Copyright for teaching at VU: Social Media

What are 'Internet Resources'

For copyright purposes 'internet resources' are any materials retrieved from the world wide web, such as:

  • Material sourced from public websites
  • Social Media
  • Wikis & Blogs 

Using social media for teaching

In this section you will find information regarding copyright as it applies to social media, which includes user generated content.  Material found on the internet including social media platforms is subject to copyright. It is also critical to check the terms and conditions for use that may apply on any given internet or social media site.

Key points

The key points when using social media for teaching are:

  • Copyright applies to material found on social media platforms, including user-generated content
  • The creation of mashups and memes can create copyright issues as the underlying content may have copyright owners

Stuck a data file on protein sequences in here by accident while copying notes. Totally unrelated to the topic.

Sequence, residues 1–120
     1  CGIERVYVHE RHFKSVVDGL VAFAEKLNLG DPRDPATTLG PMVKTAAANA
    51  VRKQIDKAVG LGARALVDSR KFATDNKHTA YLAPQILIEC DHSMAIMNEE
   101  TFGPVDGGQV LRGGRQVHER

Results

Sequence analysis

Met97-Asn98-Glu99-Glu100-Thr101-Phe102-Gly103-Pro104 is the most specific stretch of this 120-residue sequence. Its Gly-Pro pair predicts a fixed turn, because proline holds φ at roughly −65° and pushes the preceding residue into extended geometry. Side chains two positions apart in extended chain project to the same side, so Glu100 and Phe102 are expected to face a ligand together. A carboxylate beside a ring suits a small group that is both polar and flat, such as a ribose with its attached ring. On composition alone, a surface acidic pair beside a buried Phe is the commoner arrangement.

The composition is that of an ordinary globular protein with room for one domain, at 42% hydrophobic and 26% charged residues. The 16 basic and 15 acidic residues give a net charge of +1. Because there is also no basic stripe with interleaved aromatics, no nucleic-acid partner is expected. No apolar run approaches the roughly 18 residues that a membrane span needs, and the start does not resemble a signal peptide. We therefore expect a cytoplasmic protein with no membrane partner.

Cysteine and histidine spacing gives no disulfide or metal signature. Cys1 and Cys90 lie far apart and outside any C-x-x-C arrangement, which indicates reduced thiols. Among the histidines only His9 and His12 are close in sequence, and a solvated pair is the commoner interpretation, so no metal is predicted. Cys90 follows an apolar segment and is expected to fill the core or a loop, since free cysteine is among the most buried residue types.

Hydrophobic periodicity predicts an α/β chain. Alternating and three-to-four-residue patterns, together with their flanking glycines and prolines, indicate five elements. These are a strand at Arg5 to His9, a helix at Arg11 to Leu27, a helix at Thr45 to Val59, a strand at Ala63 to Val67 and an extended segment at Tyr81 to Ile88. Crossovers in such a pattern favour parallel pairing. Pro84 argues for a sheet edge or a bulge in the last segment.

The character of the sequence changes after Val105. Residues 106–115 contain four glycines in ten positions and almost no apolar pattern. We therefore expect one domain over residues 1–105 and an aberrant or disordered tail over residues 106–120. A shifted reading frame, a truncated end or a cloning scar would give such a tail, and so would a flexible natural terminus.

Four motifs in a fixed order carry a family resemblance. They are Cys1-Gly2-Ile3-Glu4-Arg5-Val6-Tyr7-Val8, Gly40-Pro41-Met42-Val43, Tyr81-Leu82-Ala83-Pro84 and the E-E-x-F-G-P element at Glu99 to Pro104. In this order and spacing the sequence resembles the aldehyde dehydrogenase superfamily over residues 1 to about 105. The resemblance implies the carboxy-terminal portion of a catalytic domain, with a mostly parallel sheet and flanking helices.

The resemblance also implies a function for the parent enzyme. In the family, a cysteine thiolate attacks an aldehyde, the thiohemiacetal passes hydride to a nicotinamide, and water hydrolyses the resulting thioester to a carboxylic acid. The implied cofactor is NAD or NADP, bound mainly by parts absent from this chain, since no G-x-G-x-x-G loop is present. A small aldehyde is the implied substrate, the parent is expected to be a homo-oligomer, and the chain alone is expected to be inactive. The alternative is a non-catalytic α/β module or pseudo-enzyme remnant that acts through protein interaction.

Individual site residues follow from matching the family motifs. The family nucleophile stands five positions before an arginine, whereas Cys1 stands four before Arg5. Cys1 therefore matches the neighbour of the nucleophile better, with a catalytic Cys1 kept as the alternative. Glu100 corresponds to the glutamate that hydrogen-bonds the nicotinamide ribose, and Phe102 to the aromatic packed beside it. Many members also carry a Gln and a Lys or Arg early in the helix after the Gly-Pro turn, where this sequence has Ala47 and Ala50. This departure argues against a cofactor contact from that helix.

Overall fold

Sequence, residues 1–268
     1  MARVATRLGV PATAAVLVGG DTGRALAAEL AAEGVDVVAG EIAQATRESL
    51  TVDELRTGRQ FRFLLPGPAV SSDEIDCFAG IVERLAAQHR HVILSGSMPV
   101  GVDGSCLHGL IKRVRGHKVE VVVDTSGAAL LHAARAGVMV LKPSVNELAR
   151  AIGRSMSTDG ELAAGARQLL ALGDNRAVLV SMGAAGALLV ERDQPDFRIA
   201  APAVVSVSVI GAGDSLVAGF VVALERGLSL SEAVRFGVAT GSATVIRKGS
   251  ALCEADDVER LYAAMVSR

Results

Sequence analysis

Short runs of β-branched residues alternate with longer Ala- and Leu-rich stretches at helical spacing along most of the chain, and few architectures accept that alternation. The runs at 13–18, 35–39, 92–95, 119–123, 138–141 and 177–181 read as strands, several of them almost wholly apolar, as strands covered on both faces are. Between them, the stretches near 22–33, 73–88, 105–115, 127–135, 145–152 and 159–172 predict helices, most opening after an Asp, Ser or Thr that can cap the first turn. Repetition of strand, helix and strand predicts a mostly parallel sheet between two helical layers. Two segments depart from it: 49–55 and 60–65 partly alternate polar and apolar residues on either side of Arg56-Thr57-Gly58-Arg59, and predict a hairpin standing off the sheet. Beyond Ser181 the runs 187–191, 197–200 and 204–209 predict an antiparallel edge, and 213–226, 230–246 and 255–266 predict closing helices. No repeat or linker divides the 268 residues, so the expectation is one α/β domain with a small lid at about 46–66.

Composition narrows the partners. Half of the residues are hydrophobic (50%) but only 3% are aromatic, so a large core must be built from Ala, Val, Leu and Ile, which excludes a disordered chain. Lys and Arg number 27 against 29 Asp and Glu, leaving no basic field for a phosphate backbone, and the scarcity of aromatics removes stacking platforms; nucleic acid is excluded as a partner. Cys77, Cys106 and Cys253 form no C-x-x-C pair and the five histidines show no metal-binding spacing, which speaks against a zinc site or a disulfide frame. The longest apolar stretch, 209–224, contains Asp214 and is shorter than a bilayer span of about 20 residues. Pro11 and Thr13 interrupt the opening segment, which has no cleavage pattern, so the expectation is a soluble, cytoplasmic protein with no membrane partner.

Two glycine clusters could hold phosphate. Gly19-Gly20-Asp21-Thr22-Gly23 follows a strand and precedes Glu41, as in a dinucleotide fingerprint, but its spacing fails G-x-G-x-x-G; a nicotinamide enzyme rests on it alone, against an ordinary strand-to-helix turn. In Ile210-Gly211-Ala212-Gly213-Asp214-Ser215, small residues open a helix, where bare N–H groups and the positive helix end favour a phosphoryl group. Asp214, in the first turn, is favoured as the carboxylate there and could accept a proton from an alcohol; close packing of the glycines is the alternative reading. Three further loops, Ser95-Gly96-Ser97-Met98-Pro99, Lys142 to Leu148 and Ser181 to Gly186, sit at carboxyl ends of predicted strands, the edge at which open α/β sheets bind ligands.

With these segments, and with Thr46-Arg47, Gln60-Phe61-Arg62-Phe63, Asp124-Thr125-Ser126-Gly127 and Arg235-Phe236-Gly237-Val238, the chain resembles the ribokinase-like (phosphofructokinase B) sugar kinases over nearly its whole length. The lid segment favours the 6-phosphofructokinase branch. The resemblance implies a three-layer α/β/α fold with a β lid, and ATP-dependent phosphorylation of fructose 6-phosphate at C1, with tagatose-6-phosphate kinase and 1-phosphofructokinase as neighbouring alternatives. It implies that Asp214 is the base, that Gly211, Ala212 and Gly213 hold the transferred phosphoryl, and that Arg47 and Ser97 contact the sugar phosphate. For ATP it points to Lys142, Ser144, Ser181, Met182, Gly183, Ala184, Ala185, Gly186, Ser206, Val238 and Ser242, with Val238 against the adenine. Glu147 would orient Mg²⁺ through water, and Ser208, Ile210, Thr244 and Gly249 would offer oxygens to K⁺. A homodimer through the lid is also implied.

• Using an important or distinctive part (a “substantial part”) of another person’s material to create a mashup or meme will require copyright permission
  • If using third party material for satire or parody it is allowed under the “fair dealing” exemption.  The use must be considered fair
  • User generated content such as memes and mashups will be protected by copyright in their own right.

What you can do


  • Use material made available under a suitable Creative Commons or similar licence
  • Use material that is owned by VU
  • Use material that is no longer protected by copyright or is in the public domain
  • Use material for which you have permission from the copyright owner.

What you can't do


  • Download and use whole works for teaching unless they are in the public domain or have a Creative Commons licence
  • View commercial films or videos if not using for teaching in a classroom. If available on YouTube you must check copyright status
  • Use material from someone's social media site without checking terms and conditions of use.  You may need permission.